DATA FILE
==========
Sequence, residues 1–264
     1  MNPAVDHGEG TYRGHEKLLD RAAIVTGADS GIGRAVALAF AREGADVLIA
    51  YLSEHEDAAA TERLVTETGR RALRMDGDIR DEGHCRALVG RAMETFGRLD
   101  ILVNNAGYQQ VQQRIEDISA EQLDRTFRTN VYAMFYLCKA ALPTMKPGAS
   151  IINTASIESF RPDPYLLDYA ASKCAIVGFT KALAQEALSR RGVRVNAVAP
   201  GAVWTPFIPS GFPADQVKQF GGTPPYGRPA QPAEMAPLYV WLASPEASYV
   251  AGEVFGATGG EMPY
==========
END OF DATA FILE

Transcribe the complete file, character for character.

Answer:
Sequence, residues 1–264
     1  MNPAVDHGEG TYRGHEKLLD RAAIVTGADS GIGRAVALAF AREGADVLIA
    51  YLSEHEDAAA TERLVTETGR RALRMDGDIR DEGHCRALVG RAMETFGRLD
   101  ILVNNAGYQQ VQQRIEDISA EQLDRTFRTN VYAMFYLCKA ALPTMKPGAS
   151  IINTASIESF RPDPYLLDYA ASKCAIVGFT KALAQEALSR RGVRVNAVAP
   201  GAVWTPFIPS GFPADQVKQF GGTPPYGRPA QPAEMAPLYV WLASPEASYV
   251  AGEVFGATGG EMPY